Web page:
People wonder all the time whether Rolfing creates permanent changes in your posture. It’s a perfectly good question to ask, and it’s one you should ask!
The answer is pretty straightforward.
The answer is no.
What? Shouldn’t I be telling you that Rolfing is the best thing since sliced bread? That if you come and see me ten times in Menlo Park that you’ll feel like a million bucks for the rest of your life? You’re right, I should tell you that, but I know that would set you up for some pretty severe disappointment down the line.
The truth about your body and how it moves is this: IT CHANGES.
My brother is an engineer who designs prosthetic limbs and joints. Years ago he was working on a project to create a knee and lower leg that would attach to the thigh bone (femur) for people who had their legs amputated above the knee. The knee’s resistance was to be managed by internal software that would adjust fluid levels in the joint to make the lower leg move as quickly or as slowly as the user needed. The idea was that the prosthetic knee and lower leg would adapt to the user’s movement patterns so that it felt like a real knee and lower leg.
It was a nightmare of a project. Why? Because every day, every hour, the way the user moved would change. If the knee and leg adapted to movement patterns Monday night, the movement patterns Tuesday morning were different enough to make the whole thing unusable. It would just seize. In fact, the system didn’t even work that well to last a night. Because the user’s movement patterns would change with every step, the knee was prone to seizing up very, very often. Not really a recipe for success, but it should be helpful to realize how much your body changes from moment to moment.
Think about it. When you sit down for a movie, you get up stiffer than you were. It takes time for you to warm up again. Some days, you wake up feeling loose and limber. Other days you need to stretch things out a bit to get going. If you do heavy exercising, you know that some days need to be recovery days!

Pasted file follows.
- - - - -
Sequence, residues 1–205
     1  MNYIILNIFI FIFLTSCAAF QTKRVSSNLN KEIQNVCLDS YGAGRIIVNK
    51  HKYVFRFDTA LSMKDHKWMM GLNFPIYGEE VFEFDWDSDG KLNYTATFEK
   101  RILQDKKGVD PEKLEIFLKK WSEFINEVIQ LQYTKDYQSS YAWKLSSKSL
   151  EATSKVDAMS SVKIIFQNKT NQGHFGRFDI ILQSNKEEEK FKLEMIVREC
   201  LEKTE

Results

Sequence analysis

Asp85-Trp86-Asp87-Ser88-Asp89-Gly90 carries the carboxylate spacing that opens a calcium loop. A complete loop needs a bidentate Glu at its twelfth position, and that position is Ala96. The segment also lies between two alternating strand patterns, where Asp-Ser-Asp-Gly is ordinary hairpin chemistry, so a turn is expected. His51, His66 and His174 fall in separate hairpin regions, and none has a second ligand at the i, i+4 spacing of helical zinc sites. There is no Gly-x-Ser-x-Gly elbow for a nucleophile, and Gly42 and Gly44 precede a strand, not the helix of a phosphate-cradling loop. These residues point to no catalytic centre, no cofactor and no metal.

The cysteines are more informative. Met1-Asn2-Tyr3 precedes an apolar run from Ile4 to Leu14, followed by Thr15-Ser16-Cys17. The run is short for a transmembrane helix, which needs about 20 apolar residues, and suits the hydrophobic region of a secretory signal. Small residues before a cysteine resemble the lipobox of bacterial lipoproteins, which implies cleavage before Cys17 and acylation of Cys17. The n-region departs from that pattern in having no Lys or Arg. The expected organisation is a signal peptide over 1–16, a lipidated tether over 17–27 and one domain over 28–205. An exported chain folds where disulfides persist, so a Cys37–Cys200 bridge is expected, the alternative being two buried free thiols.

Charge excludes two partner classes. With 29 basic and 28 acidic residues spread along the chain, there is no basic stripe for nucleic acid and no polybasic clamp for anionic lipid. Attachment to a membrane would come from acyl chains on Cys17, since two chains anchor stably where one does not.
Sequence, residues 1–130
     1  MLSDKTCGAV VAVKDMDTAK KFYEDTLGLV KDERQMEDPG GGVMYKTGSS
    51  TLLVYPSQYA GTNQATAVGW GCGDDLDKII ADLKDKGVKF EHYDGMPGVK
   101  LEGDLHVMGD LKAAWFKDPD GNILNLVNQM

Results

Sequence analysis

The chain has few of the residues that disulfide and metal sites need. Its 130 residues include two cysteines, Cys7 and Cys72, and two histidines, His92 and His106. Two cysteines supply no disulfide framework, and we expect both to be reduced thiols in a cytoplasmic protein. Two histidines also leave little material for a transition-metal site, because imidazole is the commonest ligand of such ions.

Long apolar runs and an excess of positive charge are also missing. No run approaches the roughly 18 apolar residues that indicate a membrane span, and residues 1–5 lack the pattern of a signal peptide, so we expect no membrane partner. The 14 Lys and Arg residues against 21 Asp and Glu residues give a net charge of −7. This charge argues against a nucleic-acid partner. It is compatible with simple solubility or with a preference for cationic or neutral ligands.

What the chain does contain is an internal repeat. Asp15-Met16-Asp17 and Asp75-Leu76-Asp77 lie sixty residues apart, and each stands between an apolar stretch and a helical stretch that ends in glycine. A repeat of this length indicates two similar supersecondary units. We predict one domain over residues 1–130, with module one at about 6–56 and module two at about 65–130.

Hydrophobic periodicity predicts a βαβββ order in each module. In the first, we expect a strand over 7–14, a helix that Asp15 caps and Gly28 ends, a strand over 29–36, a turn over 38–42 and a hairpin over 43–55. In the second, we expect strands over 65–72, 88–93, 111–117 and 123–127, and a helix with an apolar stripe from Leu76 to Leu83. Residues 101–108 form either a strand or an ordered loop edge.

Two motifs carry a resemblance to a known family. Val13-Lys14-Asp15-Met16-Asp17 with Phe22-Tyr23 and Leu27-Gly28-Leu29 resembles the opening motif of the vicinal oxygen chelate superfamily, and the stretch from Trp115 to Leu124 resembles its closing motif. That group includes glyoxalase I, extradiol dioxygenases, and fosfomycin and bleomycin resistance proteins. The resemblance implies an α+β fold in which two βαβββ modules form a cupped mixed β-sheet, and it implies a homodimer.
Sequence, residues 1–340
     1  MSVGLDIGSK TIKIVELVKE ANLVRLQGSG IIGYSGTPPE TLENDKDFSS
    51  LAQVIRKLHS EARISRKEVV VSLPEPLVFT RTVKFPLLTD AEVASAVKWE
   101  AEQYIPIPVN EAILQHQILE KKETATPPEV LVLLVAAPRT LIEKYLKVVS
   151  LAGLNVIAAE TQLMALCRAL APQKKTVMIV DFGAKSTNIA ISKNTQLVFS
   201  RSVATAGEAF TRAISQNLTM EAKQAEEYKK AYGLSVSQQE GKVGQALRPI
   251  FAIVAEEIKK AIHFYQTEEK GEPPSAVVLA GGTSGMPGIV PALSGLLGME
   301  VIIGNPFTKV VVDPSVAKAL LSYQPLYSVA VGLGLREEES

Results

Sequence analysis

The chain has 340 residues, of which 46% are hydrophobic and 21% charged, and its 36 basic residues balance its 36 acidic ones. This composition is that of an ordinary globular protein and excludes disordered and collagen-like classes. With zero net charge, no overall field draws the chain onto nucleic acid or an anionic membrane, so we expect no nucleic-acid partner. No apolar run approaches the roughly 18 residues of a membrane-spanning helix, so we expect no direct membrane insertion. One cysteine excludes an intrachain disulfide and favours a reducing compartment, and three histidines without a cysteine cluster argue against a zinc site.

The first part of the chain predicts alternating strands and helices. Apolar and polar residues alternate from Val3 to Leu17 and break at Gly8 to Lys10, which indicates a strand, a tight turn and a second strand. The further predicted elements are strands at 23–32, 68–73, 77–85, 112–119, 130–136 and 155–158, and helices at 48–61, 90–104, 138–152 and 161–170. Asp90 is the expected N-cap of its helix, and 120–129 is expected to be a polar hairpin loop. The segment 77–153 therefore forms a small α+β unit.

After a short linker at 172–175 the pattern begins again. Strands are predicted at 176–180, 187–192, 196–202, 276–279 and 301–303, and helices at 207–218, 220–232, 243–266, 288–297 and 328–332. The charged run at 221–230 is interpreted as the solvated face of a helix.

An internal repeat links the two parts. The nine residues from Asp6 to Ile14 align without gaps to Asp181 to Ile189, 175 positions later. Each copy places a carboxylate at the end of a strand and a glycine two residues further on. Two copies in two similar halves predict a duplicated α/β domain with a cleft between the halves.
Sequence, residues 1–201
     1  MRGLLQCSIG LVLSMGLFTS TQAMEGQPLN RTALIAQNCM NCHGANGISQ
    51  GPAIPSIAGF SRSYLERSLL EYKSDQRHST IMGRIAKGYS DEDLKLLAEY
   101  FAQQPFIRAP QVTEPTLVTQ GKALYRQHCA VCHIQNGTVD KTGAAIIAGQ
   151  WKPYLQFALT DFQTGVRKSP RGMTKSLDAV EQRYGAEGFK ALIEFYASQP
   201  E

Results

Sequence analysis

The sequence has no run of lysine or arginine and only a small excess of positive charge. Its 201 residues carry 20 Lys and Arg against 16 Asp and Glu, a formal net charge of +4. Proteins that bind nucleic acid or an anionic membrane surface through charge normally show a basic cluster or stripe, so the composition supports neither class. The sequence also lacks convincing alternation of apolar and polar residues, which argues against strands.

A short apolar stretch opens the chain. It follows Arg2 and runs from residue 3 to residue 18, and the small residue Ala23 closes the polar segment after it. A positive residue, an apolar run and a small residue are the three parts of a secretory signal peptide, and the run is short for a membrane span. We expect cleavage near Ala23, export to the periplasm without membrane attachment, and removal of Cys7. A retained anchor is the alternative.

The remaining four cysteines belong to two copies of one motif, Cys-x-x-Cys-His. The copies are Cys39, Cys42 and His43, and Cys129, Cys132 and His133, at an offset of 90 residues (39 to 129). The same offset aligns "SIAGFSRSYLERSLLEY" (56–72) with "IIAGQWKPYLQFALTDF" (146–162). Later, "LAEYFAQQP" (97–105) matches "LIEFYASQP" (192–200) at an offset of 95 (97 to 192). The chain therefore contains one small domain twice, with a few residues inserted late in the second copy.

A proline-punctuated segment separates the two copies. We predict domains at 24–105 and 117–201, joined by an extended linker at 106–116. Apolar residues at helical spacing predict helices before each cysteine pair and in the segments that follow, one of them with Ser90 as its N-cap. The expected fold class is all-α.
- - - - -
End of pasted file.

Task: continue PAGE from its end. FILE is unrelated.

So what does that mean for Rolfing and your posture? Rolfing can help you interrupt poor movement patterns, yes. It can help you relieve the tightness and restrictions that create inefficient and uncomfortable patterns of movement, yes. It can remove the effects of injuries that have been limiting you for years, yes. It can help you understand how certain movements should feel, how your posture should feel, and how good your entire body can feel. And once you’ve felt how your body should feel, it gets a lot easier to maintain your body with that good feeling!
But Rolfing will not guarantee that the same or new inefficient patterns will never visit you. It will not guarantee that you’ll never fall while hiking and tweak something. It won’t protect you from a bad spill on a fifty mile bike ride. And if you go right back to using your body with poor mechanics, it definitely will not protect you from overuse injuries that come from using your body poorly!
No amount of Rolfing is going to permanently help you if this is how you do your deadlift.
Remember, there are a lot of variables that affect your posture and affect your ability to move with ease, grace, control, and power. Rolfing addresses some. Proper training, stretching, and maintaining a healthy balance of movement in your life will help you get the most out of your body for life.